11/19/2013 06:10 pm ET Updated Dec 06, 2017

6 Homemade 'Apps' for Parents in the Digital Age

Do your kids spend more time Photoshopping your pet than actually petting it? Do you have to remind them to maintain eye contact when visiting grandparents? Are they lost in their phones as we "speak"?

If you answered yes to any of these questions, you may want to read Catherine Steiner-Adair's The Big Disconnect: Protecting Childhood and Family Relationships in the Digital Age. The book is full of food for thought and cautionary tales, but the opening chapters surprise by focusing not on the familiar litany of children's technological misbehavior but on "the ways in which parents are checking out of family time, disappearing themselves and offering that behavior as a model for their children."

One middle schooler interviewed by Steiner-Adair was fed up with her parents' constant phone-checking during family time: "What I wish my parents understood about technology is that technology isn't the whole world. It's sort of a new thing for them because they're sort of really old. . ."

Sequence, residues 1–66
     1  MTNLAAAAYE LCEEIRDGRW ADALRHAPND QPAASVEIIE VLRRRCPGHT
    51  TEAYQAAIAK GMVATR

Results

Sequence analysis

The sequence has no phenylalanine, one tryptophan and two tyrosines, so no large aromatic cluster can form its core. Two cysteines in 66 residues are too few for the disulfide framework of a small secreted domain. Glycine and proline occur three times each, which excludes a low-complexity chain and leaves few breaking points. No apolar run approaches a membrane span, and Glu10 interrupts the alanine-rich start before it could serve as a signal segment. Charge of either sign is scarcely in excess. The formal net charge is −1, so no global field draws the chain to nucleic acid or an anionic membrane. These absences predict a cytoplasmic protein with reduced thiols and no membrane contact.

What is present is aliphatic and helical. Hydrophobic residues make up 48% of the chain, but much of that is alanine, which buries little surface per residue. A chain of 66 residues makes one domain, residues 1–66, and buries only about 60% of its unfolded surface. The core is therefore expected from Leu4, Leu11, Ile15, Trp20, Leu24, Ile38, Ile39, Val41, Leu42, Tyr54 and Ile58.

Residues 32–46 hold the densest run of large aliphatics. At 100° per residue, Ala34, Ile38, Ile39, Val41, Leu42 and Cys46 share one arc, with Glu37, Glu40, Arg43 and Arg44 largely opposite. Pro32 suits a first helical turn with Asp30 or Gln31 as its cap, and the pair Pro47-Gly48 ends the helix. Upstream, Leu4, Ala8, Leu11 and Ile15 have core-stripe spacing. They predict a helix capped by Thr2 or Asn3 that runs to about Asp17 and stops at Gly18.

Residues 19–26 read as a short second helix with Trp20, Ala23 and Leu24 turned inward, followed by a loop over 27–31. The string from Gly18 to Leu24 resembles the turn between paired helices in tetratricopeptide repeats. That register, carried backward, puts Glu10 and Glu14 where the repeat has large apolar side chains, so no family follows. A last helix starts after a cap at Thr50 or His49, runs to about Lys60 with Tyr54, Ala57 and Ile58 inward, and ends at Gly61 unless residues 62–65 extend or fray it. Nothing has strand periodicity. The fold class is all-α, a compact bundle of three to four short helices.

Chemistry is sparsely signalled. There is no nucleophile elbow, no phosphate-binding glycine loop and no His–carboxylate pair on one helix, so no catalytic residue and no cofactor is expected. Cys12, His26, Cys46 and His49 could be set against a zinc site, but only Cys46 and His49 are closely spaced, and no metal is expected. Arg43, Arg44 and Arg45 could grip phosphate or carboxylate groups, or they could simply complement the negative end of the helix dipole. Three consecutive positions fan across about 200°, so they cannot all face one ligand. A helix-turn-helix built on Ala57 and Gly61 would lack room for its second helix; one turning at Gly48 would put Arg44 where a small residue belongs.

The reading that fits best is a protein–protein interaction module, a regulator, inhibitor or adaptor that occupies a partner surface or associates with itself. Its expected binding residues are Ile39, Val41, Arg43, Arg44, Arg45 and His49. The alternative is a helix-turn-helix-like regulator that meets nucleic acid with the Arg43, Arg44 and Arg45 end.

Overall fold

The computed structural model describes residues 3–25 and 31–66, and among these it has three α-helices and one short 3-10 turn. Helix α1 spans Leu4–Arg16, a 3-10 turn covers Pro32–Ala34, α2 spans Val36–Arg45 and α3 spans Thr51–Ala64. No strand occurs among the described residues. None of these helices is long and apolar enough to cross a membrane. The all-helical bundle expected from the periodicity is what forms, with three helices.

Ouch. As the father of two daughters (one teen and one tween), that hit close to home. So with Steiner-Adair's book in mind, I thought I'd present six old-fashioned, homemade "apps" that have helped our family negotiate the role of technology at home. Disclaimer: each family is unique and has to find its own road to technological health, but the following might help.

1) Appreciate that today's kids didn't ask to be born into a you-are-what-you-tweet world, a Facebook over face-in-book world, a world where clothing stores continue to replace book stores in a rapacious body-over-mind death spiral. (Sorry. Note to self: save ex-English professor rants for a different post.)

Steiner-Adair's research reminds us that children today still need and crave unplugged family time, whether they express it or not. Parents just have to be more proactive in achieving it via things like tech-free times/spaces at home, nature adventures, and family vacations. (My wife and daughters have mentioned something called "glamping," but I refuse to Google that term.)

2) Apply common sense to your home environment. This might be defined differently by various families, but Steiner-Adair rightly emphasizes the "shared rituals or conversations you create with your child around meals, bath and bedtime, playground, and drive times together -- all these are zones of interaction" and "transition."

Allowing the environment of these interactions to be dominated by screens (either theirs or yours) decreases the chances of healthy family connections. Steiner-Adair adds that in these no-tech moments we serve as "conversation mentors" for our children, which helps them build invaluable social and intimacy skills. Such moments away from any "digital boss" also provide children with space for "conversation within themselves -- the capacity for reflection -- that enables them to sit alone, think about things, and come to insights" that develop a sense of self.